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UNCITRAL Transparency Rules & Transparency Convention


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UNCITRAL Transparency Rules & Transparency Convention

  1. 1. UNCITRAL Transparency Rules & Transparency Convention Dr Maxi Scherer Wilmer Cutler Pickering Hale and Dorr LLP Queen Mary, University of London
  2. 2. Quest for Transparency • OECD Investment Committee 2005 • NAFTA Interpretative Statements 2001-2004 • Amendment of ICSID Rules 2006 • UNCITRAL Transparency Rules: adopted 11 July 2013, entered into force 1 April 2014 • UNCITRAL Transparency Convention: adopted 10 December 2014, so far signed by 10 States (Canada, Finland, France, Germany, Mauritius, Sweden, Switzerland, Syria, UK, US), not entered into force yet
  3. 3. UNCITRAL Transparency Regime I. Scope of Application of the Rules II. Content of the Rules  Publication of Information about and Documents from the Arbitration  Submissions in the Arbitration by Third Persons and Non-Disputing Parties  Public Hearings III. Assessment of the Rules and the Convention
  4. 4. Scope of Application The application of the Rules depends on whether  the arbitration is governed by UNCITRAL Arbitration Rules or not  the underlying investment treaty is concluded before or on or after 1 April 2014  the Transparency Convention enters into force and who will be Contracting States
  5. 5. UNCITRAL Arbitration Rules Apply Art 1(1)&(2): Transparency Rules apply if • arbitration classified as investor-State • initiated pursuant to an investment treaty • some form of consent to the Transparency Rules: distinction according to when treaty was concluded o On or after 1 April: automatic unless parties opt- out (Art 1(1)) o Before 1 April: requires opt-in (Art 1(2))
  6. 6. No /Other Arbitration Rules Apply Art 1(9): Transparency Rules apply if • Arbitration is classified as investor-State • Parties to the dispute have given express consent to the Transparency Rules
  7. 7. Implications of Transparency Convention • Convention offers two routes to extend the application of the Rules to treaties concluded before 1 April 2014 (subject to possible reservations):  Respondent State and country of the investor are signatories of the Convention (Art 2(1))  Respondent State has made a unilaterally binding offer to arbitrate under the Rules and investor has accepted the offer (Art 2(2))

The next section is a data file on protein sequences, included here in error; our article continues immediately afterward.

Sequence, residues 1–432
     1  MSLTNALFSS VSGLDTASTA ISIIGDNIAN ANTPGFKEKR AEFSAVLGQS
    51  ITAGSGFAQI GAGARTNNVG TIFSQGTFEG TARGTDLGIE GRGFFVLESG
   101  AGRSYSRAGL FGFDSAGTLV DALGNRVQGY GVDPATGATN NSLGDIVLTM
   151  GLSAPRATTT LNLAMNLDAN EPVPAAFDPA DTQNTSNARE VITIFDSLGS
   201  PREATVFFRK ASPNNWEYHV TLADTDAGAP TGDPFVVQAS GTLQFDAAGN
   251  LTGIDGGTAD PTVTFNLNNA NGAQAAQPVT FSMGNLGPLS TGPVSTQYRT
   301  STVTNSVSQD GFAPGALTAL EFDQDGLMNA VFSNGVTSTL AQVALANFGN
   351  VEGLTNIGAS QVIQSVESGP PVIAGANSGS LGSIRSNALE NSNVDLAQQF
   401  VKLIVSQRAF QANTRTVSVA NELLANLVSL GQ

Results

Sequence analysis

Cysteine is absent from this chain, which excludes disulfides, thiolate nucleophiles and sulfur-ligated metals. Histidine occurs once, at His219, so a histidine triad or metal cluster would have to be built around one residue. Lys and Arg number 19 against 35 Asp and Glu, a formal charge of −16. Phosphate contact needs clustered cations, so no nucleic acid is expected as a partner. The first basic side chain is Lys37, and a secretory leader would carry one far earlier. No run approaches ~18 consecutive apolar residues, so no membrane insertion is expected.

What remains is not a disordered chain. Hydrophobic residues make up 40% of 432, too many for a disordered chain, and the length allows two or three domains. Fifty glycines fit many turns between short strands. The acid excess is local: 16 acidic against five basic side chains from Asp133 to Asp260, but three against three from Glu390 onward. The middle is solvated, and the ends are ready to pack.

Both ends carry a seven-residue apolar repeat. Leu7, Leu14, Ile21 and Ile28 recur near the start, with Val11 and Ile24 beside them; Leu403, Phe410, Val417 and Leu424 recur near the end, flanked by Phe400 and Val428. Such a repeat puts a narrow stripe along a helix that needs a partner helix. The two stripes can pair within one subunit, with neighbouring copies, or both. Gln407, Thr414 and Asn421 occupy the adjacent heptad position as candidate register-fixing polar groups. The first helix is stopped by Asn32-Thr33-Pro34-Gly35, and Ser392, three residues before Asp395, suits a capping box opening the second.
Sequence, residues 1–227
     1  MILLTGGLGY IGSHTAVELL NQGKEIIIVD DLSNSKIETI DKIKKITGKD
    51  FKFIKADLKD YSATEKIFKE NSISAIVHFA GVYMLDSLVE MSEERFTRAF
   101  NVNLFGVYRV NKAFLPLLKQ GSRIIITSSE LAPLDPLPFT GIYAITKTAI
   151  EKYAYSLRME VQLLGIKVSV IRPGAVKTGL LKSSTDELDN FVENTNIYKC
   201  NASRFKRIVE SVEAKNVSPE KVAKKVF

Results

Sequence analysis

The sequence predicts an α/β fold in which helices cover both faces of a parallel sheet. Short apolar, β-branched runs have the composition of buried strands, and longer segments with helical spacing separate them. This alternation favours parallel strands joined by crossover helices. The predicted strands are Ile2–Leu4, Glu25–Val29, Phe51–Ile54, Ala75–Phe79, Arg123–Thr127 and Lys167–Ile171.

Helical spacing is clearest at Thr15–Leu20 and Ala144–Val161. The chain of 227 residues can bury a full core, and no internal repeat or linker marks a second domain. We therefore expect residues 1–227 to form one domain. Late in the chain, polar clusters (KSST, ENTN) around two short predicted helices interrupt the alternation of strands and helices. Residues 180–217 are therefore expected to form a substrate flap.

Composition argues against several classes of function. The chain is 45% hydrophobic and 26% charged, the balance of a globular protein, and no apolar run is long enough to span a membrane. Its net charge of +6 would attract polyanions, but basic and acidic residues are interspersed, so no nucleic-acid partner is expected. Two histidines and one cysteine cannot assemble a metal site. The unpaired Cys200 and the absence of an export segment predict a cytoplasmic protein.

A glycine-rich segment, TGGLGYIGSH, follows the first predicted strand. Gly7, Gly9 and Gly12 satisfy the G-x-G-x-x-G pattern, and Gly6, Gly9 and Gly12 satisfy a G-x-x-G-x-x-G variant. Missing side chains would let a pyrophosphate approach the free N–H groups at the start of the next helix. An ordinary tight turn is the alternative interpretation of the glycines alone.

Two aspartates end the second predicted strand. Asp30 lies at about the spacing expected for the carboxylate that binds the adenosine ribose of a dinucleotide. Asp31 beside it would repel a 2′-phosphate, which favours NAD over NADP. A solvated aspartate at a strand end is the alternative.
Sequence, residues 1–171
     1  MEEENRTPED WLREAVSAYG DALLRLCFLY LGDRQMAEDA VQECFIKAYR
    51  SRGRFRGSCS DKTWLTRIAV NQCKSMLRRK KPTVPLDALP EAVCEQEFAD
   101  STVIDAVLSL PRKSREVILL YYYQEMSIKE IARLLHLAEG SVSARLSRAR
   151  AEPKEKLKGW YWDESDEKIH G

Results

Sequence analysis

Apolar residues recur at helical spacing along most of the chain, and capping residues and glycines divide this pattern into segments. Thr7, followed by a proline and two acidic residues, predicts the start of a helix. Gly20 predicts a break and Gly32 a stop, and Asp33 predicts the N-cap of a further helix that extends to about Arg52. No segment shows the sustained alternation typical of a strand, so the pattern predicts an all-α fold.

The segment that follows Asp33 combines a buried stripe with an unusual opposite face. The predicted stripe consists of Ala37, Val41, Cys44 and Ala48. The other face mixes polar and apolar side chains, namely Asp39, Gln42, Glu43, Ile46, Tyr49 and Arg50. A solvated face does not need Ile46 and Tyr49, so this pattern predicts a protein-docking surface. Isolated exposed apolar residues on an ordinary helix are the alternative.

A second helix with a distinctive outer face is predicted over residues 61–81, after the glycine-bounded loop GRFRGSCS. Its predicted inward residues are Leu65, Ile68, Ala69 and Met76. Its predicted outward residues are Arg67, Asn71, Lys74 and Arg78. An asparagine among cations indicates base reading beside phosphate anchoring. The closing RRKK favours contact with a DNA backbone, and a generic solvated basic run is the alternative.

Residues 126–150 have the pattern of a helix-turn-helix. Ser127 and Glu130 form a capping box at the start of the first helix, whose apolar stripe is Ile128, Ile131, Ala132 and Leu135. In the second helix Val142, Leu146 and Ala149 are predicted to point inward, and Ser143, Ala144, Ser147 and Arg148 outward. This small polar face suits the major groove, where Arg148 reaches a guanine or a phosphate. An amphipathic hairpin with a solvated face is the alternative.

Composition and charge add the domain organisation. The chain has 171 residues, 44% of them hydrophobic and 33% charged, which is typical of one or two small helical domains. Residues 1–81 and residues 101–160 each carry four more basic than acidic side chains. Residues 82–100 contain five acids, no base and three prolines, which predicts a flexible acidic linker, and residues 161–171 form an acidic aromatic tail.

8. 8. Scope of Application: Summary • UNCITRAL Arbitration Rules: TR apply automatically • no or other arbitration rules: specific consent needed Treaty concluded before 1 April 2014 • Host State and investor are from Convention contracting states • Host State has made unilateral offer and investor has accepted Treaty concluded on or after 1 April 2014
  9. 9. Publication of Information (Art 2) At the outset of the arbitration • Notice of arbitration communicated to the repository • Repository publishes information about the proceedings  Name of the parties  Economic sector involved  Treaty under which claim is made
  10. 10. Publication of Documents (Art 3) During the arbitration publication of documents • Always  Notice of arbitration, response, any other written submissions  Table listing the exhibits (NOT the exhibits)  Transcripts of the hearings (where available)  Orders, decisions, awards • Upon request  Expert reports and witness statements • According to the tribunal’s discretion  Exhibits and other documents
  11. 11. Submission by Third Person (Art 4) • Definition third person  Not a disputing party  Not a non-disputing party to the treaty • Written submission within scope of dispute • Procedure • Criteria to allow submission  Third person’s interest in the arbitration  Ability to assist the tribunal in fact/law finding  Does not disrupt or unduly burden the arbitration  Does not unfairly prejudice any disputing party
  12. 12. Submission by Non-Disputing Party (Art 5) • Non-disputing Party to the treaty • Submission  on issues of treaty interpretation  on other matters within the scope of the dispute • Criteria to allow submission  Same as Art 4: see above  Avoid submissions that would support the claim of the investor in a manner tantamount to diplomatic protection
  13. 13. Public Hearing (Art 6) • Principle: oral hearing is public • Limitations: o Need to protect confidential information or integrity of the arbitral process: reference to Art 7 o Logistical reasons
  14. 14. Exceptions to Transparency (Art 7) • All provisions subject to limitations of Art 7 • Confidential or protected information  Confidential business information  Protected under the treaty  Protected under the law of the respondent State  Protected under the lex arbitri  Protected under the rules applicable  Information that would impede enforcement • Disclosure contrary to security interest of respondent State (Art 7(5))
  15. 15. Assessment of Transparency Regime BENEFITS • Provides a more democratic and accountable system • Positively affects public’s assessment of investor-State Arbitration • Furthers consistent interpretation of treaties and quality of reasoning of awards • Creates a systemic approach (rather than treaty-by- treaty- piecemeal approach)
  16. 16. Assessment of Transparency Regime DOWNSIDES • Uncertainty how successful Convention will be • Uncertainty how Rules will be interpreted by tribunals • Limited scope: only treaty-based arbitration • Too much transparency ? o need to preserve the efficacy of arbitration o make sure all players prepared
  17. 17. Many thanks ! Dr Maxi Scherer PhD (Sorbonne), LLM (Cologne), MA (Sorbonne) (Hons) Wilmer Cutler Pickering Hale and Dorr LLP 49 Park Lane, London W1K 1PS, UK Queen Mary, University of London, School of International Arbitration 67-69 Lincoln's Inn Fields, London WC2A 3JB, UK Senior Lecturer in International Arbitration and Energy Director Queen Mary Paris LLM SSRN Author page: